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Original Issue

Small Wonders In the NHL little players have to show they can do things as big as the league's tallest guy, and this season a bunch of them are doing just that....

Phoenix Coyotes center Daniel Briere has been fudging his height
since junior hockey, even before Frank Bonello, the director of
NHL Central Scouting, told Le Journal de Montreal that Briere
was too small to be a high draft choice. (Briere is listed at
5'10", admits to being 5'9" and seems to be 5'8".) He was
selected 24th overall in 1996, and he looks at a clipping of
that Journal story whenever he needs motivation, which has been
infrequent this season considering that his 26 goals through
Sunday not only led the Coyotes but also ranked 19th in the NHL.

The player who has won the most Stanley Cups (11) could have
moonlighted as a jockey--the Montreal Canadiens' 5'7" Henri
(Pocket Rocket) Richard--but Bonello was neither being cruel nor
necessarily wrong when assessing Briere. He was merely voicing an
NHL axiom: Big players have to prove they can't play. Small
players have to prove they can.

This rule of thumb has been upended by the Tom Thumbs of
2001-02. Briere, who was waived through the league early last
season and is on a two-way contract--he earns $725,000 in the
NHL but will get only $50,000 if he's sent to the minors--has
proved he's more than a water bug who can work the power play.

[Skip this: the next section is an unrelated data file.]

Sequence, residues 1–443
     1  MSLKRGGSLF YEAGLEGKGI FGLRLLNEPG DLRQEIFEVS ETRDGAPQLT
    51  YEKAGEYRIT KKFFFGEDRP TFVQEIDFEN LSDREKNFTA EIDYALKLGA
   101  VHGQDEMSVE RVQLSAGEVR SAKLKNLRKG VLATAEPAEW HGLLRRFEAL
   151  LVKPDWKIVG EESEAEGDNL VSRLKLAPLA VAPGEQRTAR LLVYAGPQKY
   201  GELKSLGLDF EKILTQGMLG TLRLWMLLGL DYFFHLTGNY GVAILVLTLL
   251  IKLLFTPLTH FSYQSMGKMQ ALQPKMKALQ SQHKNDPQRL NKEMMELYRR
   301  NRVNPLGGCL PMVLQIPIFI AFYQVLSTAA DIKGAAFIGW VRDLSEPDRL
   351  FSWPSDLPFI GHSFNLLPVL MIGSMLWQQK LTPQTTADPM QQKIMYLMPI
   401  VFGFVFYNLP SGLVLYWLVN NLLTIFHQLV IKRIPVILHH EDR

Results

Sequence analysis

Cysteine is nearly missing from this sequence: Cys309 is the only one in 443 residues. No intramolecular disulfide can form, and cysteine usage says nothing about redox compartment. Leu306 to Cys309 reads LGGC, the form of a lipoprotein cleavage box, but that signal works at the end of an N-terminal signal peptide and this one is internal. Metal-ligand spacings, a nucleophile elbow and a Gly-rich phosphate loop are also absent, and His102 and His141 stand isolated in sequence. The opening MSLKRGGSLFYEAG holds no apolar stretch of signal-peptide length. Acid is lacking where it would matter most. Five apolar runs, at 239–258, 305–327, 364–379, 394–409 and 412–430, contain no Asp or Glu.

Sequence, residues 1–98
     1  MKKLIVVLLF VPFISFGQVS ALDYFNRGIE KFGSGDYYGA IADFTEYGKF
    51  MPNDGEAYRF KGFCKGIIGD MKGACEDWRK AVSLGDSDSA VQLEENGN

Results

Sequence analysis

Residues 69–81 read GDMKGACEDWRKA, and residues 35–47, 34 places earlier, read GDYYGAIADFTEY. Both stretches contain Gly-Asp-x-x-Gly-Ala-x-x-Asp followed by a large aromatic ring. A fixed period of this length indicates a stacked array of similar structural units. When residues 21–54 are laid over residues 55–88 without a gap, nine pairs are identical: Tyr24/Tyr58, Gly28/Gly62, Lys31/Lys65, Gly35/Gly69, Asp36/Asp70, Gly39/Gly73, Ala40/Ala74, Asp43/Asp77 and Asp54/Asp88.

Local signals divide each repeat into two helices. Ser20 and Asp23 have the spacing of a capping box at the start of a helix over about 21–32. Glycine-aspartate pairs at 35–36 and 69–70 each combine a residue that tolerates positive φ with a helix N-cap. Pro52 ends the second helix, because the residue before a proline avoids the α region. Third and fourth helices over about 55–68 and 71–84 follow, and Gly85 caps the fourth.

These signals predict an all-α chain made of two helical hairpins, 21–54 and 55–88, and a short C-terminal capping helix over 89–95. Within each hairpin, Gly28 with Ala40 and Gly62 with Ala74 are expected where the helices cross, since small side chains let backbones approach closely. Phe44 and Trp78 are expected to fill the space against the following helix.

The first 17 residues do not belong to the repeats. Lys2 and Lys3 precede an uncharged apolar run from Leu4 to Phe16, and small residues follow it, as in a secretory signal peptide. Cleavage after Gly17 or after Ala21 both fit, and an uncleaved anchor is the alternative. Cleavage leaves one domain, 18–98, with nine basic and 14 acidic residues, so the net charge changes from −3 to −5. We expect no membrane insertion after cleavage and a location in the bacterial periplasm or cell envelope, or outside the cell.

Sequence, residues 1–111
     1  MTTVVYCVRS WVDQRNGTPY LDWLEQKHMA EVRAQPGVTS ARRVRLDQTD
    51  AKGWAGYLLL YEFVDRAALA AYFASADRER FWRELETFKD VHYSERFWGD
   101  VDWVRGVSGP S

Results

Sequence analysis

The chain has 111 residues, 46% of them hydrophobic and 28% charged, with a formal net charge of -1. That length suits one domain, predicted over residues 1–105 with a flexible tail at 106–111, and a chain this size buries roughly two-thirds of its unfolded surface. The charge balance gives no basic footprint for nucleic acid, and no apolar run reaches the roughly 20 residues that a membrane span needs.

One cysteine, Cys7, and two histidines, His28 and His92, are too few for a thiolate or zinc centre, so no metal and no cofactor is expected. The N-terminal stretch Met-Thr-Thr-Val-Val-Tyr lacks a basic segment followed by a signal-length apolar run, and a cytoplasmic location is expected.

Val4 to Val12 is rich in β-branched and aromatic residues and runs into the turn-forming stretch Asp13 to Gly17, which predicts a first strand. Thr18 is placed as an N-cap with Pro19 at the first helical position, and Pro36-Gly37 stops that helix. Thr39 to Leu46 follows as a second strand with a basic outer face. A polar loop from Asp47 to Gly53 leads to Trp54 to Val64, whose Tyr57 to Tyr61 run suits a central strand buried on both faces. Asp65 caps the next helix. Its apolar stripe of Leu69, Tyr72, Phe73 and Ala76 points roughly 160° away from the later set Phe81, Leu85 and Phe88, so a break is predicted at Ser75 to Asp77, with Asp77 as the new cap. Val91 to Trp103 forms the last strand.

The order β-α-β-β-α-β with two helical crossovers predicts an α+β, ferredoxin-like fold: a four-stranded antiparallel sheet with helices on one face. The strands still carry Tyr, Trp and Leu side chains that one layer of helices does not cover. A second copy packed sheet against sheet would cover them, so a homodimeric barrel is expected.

Chicago is the city of broad shoulders and a small right wing,
5'9", 160-pound first-liner Steve Sullivan, a waiver discard by
the Toronto Maple Leafs 21/2 years ago who had scored 52 goals
in 146 games in his second stint with the Blackhawks. When the
New York Rangers have been at their most effective this season,
Lilliputian wingers Theo Fleury (5'6") and Mike York (5'10")
have bookended 6'4" center Eric Lindros. Many of the Canadiens
could eat an apple off 5'9" forward Oleg Petrov's head, but
through Sunday he was Montreal's second-leading scorer, with 21
goals. Two other little guys, Edmonton Oilers center Mike Comrie
(5'91/2") and Boston Bruins wing Sergei Samsonov (5'8"), were
first and second, respectively, on their clubs in scoring.

"In the NHL the odds are stacked against small players," says
Sullivan. "It's a big man's game because they can do exactly what
small players can, plus they're stronger. Big guys might get lots
of opportunities to show their talent, but we might have only one
chance. I hope kids can look up to some of the small guys having
success and keep following their dreams, the way I looked up to
Fleury when I was in juniors."

He looked up. Just not that high. --Michael Farber

COLOR PHOTO: TODD ROSENBERG Steve Sullivan, Blackhawks 5'9"

COLOR PHOTO: V.J. LOVERO Daniel Briere, Coyotes 5'9"

COLOR PHOTO: PETER READ MILLER Zdeno Chara, Senators 6'9"

COLOR PHOTO: BOB ROSATO Mike Comrie, Oilers 5'9 1/2"

COLOR PHOTO: SCOTT CUNNINGHAM Sergei Samsonov, Bruins 5'8"

COLOR PHOTO: LOU CAPOZZOLA Size doesn't matter Fleury, the NHL's shortest player at 5'6", can only look up to the Islanders' 6'5" Oleg Kvasha.

Sweet (and Short) Sixteen

Here is how some of the NHL's height-challenged players, many of
whom are shorter than their listed size, ranked on their team in
points as of Sunday.


Theo Fleury, Rangers 5'6" 22 35 57 1
Cliff Ronning, Predators 5'8" 18 31 49 1
Sergei Samsonov, Bruins 5'8" 25 34 59 2
Daniel Briere, Coyotes 5'9" 26 17 43 2
Oleg Petrov, Canadiens 5'9" 21 13 34 2
Brian Rafalski, Devils 5'9" 7 33 40 4
*Martin St. Louis, Lightning 5'9" 16 17 33 3
Steve Sullivan, Blackhawks 5'9" 18 36 54 4
Mike Comrie, Oilers 5'9 1/2" 26 25 50 1
Pavel Bure, Panthers 5'10" 21 25 46 1
Chris Drury, Avalanche 5'10" 18 18 36 5
Sami Kapanen, Hurricanes 5'10" 23 35 58 2
Ziggy Palffy, Kings 5'10" 24 18 42 3
Todd White, Senators 5'10" 18 23 41 5
Ray Whitney, Blue Jackets 5'10" 15 31 46 1
Mike York, Rangers 5'10" 18 36 54 3

*On injured list